European Muslims on Shari`ah and Anti-Terror Laws

By Amina Satour

European Muslims were chosen randomly, from the GPU's attendees, to express their opinions on Britain's anti-terror laws.

Women, Men and Children of different ages and from all walks of life headed for the Excel Centre in the heart of the East End, on Saturday October 25th, to attend the fourth annual Global Peace and Unity Event (GPU) organized by Islam Channel.

In attempting to appeal to every segment of the community, the GPU's organizers designed a diverse program offering everything including informative conferences, educational workshops, speeches by renowned scholars, prominent politicians, sensational anthem concerts, and stand-up comedies, etc. For many people, the day event was a day out for the entire family.

Moreover, the GPU provided a platform for organizations to promote their campaigns and launch new initiatives. Muslim Public Affair Committee (MPAC) held a stand to raise awareness amongst Muslims of the need to get actively involved in media and politics.

While Inayat Bunglawala, Muslim Council of Britain (MCB)'s spokesman, was campaigning for "Engage", a brand new independent initiative to equip Muslims with the skill of getting involved in the local media and politicians was launched in order to challenge the misrepresentation of Muslims in Britain.

While some of the GPU's attendees found the event a good opportunity to network with other Muslims and get the feeling of unity," Rahat, 27, a project manager, (IOL)'s European Muslims Page found it a unique opportunity that must be seized to explore the opinions of the European Muslim attendees on the row over both, Shari`ah law in UK and the anti-terror British measures.

Shari`ah: A Must-Option

For many Muslims, the debate about such an important subject is welcomed. However, people should not react quickly. Many believe that the statements of the archbishop have been blown out of proportion by the British media.

Some Muslims expressed their objection to Shari`ah law being written as an English Law.

"I do not agree with the way Shari`ah law has been portrayed in the British media," Afsha, 50, representative of the Read Foundation,a charity which implements educational and welfare projects in Pakistan & Kashmir, told IOL.

She added, "the concept is totally different from what Shari`ah law is all about. There is a big need to educate non-Muslims about what Shari`ah law is about before thinking about implementing it."

Faisal agrees that "the topic has been hugely overblown. All what professor Rowan Williams mentioned was in regards to arbitration. So there is nothing really controversial." He also called for Muslims to adopt a realistic approach and consider more important issues first. "Our scholars should be realistic and pragmatic; we should focus on bettering ourselves and strengthening our community, so Shari`ah law is not an immediate priority."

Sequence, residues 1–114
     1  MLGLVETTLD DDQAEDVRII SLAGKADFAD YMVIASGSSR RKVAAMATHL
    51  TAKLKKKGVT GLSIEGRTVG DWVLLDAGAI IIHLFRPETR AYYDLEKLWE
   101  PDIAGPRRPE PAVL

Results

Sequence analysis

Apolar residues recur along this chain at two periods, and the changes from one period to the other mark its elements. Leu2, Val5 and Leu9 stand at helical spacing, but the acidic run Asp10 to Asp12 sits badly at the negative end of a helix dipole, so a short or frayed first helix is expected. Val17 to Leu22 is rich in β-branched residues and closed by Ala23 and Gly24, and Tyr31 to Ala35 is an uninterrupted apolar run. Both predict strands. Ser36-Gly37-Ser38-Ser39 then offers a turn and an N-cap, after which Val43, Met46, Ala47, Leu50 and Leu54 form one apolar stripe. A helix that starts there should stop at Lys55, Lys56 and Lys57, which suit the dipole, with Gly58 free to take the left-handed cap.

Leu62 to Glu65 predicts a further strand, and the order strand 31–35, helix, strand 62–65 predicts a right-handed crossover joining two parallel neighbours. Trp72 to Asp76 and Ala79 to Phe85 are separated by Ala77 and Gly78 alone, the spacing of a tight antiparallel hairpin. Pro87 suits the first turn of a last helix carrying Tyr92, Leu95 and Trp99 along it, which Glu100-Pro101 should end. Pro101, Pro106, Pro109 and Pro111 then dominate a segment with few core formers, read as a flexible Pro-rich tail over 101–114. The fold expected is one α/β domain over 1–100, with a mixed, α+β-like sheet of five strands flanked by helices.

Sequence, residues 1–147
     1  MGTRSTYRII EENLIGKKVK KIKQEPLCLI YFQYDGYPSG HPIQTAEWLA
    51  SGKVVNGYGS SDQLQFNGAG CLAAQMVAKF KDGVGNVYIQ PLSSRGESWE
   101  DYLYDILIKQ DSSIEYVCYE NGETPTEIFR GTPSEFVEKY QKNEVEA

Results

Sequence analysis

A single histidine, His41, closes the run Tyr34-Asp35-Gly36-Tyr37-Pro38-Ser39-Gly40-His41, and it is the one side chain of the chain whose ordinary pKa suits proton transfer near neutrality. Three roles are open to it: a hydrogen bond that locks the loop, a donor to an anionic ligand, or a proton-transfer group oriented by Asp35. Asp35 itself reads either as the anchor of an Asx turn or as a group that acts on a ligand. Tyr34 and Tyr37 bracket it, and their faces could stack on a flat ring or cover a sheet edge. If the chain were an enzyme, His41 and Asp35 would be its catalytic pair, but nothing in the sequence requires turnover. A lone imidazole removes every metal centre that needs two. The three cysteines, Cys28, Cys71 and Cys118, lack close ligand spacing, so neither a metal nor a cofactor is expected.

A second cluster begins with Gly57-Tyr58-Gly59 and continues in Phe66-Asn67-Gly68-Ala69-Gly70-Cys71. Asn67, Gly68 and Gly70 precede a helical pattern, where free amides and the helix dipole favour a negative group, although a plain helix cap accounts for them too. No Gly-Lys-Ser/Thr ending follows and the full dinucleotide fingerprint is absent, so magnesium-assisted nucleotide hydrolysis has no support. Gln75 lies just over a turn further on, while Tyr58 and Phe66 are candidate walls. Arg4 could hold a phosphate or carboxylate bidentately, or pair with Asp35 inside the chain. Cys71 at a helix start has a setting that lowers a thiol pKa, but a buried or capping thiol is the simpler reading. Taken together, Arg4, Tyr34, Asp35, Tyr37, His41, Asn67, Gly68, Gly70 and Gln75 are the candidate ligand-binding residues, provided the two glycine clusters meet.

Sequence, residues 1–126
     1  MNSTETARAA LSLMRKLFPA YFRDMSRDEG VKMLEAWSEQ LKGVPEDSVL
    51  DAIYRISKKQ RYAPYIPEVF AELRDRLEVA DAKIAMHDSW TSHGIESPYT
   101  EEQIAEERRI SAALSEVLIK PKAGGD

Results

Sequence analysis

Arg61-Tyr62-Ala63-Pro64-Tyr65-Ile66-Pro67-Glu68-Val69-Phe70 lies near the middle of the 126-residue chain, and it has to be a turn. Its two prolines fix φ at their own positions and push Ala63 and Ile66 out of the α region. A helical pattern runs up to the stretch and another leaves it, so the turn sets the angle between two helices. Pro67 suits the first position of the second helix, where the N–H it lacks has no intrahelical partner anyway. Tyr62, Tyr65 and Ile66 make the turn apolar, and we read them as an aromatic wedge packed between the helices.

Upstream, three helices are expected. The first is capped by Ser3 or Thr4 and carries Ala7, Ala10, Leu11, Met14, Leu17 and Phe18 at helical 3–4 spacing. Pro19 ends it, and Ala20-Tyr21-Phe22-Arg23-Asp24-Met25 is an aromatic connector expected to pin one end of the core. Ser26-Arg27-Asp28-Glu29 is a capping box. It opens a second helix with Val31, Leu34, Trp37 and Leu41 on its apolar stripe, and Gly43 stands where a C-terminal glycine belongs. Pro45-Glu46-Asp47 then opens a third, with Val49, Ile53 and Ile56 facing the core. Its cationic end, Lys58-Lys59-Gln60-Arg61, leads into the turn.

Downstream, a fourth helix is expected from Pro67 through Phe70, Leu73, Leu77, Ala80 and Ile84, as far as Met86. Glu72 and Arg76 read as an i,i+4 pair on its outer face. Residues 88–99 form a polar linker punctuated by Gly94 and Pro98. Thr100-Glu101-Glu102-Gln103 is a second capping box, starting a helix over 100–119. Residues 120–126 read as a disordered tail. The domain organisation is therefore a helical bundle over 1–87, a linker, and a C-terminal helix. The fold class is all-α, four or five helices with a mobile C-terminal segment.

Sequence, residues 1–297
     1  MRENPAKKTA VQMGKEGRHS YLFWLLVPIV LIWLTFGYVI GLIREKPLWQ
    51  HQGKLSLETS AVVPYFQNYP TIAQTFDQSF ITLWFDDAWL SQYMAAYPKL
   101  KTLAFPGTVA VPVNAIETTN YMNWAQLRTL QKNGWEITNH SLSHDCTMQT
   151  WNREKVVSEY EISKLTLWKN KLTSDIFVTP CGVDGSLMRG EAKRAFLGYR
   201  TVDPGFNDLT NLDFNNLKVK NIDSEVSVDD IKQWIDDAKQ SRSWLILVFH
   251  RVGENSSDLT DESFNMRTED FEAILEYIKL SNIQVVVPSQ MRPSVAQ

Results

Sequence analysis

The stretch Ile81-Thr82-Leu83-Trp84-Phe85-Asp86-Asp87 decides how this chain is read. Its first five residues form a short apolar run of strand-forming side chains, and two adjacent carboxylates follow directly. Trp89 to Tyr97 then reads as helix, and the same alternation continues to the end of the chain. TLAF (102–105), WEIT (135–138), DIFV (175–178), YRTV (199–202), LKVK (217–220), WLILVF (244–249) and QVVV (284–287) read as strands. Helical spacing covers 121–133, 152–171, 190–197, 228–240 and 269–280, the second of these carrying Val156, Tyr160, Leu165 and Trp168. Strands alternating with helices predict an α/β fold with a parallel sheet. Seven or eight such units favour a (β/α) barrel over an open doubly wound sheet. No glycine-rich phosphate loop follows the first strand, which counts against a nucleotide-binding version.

Liaqit Latif, 31, a business analyst based in the Netherlands, believes that the views of the archbishop have been deliberately taken out of context.

Latif explained that, "Nowadays, every bit of news is sensationalized. What he said was to use Shari`ah in domestic areas and what he did not say was it should be incorporated into British law,"

Some Muslims expressed their objection to Shari`ah law being written as an English Law. However, they want to have the option to be able to choose between resolving disputes in English courts or Islamic councils. "If people are comfortable with applying Shari`ah law then they should, at least, have the option to," added Latif.

"If you go to an English court, it would take years and will be very expensive but in Islamic court it will only take a few months and cost pennies, so we are helping the wider society. It would be nice if they help us by giving us the option to choose which courts to go to resolve our disputes," Sara told IOL.

Bunglawala echoes these views, "The archbishop said nothing controversial. In fact, people are free in this country. If they want to resolve disputes amongst themselves at a Shari`ah council they are free to do so because British law allows it. As long as these laws do not contradict with British law then there is no problem."

Anti-Terror Laws vs. Personal Liberties

According to the European Muslims who were chosen randomly, from the GPU's attendees, to express their opinions on Britain's anti-terror laws, most of the British Muslims believe that a direct link does exist between terrorism and the British foreign policy.

"All of us agree that there should be anti terror laws, none of us want to blown up in the tube or one of our families." Sara told IOL.

Afsha sees that, "The British foreign policy has taken terrorism to the extreme and the government should alter its foreign policy."

Rahat categorically disagrees with anti-terror laws and he states that, "These laws have the opposite effect. The only way forward is to listen and work on integrating the Muslim community."

While Faisal believes that, "politicians are using anti-terror laws to play politics. A lot of these laws are just posturing to make the point that the government is tough on terrorism."

"It is important to make the point that we are losing our sense of values if bringing in laws such as these laws."